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4 Potential Usefulness of Social Media as a Selection Device

4 Potential Usefulness of Social Media as a Selection Device

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Social Media as a Personnel Selection and Hiring Resource…


Moreover, as SNWs and their content differ among applicants in the type of information contained within a particular SNW and the differences in information across

different SNW platforms, SNW content is therefore unstandardized. Users present

what content they and their acquaintances choose, resulting in widely varying profiles. Although platforms such as Facebook and LinkedIn, for example, suggest new

users include certain information on their webpages, these guides do not require the

user to complete all sections. Twitter has no restrictions, except in terms of the character limit of 140 characters per “tweet.” Thus, missing information is of particular

concern in all of these platforms, but it seems particularly likely in Twitter and could

therefore often generate selection criteria deficiencies (Gatewood et al., 2008).

SNW screening also lacks standardization in terms of its “administration.” For

example, a screener may examine various applicant SNWs and view LinkedIn

pages for some applicants, Facebook for others, Twitter for still others, etc., which

leads to further inconsistency in content among applicants. This is also legally problematic if there is protected class information within the SNW platforms, a concern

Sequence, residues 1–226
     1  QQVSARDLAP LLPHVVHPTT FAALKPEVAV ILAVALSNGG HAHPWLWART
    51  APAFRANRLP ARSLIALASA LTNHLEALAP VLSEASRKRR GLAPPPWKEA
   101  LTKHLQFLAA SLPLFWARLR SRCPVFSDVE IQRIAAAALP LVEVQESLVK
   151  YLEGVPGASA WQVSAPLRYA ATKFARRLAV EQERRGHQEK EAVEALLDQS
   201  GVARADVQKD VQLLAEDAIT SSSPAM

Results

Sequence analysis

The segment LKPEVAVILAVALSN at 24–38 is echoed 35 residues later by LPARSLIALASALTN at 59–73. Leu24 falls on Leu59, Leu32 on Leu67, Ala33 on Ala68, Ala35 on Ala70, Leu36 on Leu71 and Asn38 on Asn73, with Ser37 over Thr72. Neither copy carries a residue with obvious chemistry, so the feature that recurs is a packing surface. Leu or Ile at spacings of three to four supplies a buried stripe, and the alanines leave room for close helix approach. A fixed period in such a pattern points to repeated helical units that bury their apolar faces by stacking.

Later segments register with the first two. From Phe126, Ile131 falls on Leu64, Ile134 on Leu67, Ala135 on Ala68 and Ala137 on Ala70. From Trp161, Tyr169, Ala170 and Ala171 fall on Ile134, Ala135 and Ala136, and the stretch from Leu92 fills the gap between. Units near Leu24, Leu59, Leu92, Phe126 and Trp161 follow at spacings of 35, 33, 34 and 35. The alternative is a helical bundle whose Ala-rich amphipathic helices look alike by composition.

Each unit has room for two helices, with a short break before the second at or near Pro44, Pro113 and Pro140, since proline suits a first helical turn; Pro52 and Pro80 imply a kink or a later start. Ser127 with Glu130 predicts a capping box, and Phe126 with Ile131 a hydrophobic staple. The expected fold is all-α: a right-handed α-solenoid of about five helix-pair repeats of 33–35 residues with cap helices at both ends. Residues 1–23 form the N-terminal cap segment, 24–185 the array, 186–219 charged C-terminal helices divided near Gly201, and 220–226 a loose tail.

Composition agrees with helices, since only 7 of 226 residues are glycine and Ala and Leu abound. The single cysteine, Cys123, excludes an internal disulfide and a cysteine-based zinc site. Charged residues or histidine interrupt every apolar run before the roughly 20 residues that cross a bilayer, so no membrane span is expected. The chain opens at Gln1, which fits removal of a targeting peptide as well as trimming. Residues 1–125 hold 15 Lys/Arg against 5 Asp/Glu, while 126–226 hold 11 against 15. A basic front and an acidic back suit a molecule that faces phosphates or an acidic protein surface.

that will be addressed later in more detail.

Other standardization concerns in SNW screening are that some applicants will

not have a particular SNW that an employer uses for screening purposes, some

applicants might apply security settings which limit access to the screener whereas

other applicants do not, and still more applicants may include such a limited amount

of information as to render the SNW useless for the purpose of evaluation. For

example, if a screener examines applicant Facebook pages, some applicants may

not have a Facebook account, some may restrict access, and some will have limited

information available for evaluation, while still others may allow full access to a

wide range of information. This variability in terms of not only the content but the

amount of information available across applicants creates problems for employers

from a psychometric perspective. Specifically, some applicants are being judged on

a large sample of information, which should provide greater reliability, whereas

others are being judged on a smaller sample of information. If we were to make an

analogy to testing, we would be judging some applicants on a large number of items

(or tests) and judging other applicants on just a few or no items (or tests). Thus,

some applicants are being assessed with less error and others with much more.

One potential approach for enhancing the standardization of assessments of

SNWs would involve the use of automated (i.e., computer-based) approaches, such

as latent semantic analysis or other text analytic approaches. For example, Park et al.

(2015) used a language-based assessment (i.e., an open-vocabulary method for language analysis) of Facebook posts to obtain assessments of personality. They found

that these assessments correlated significantly with self-reports of the Big Five in the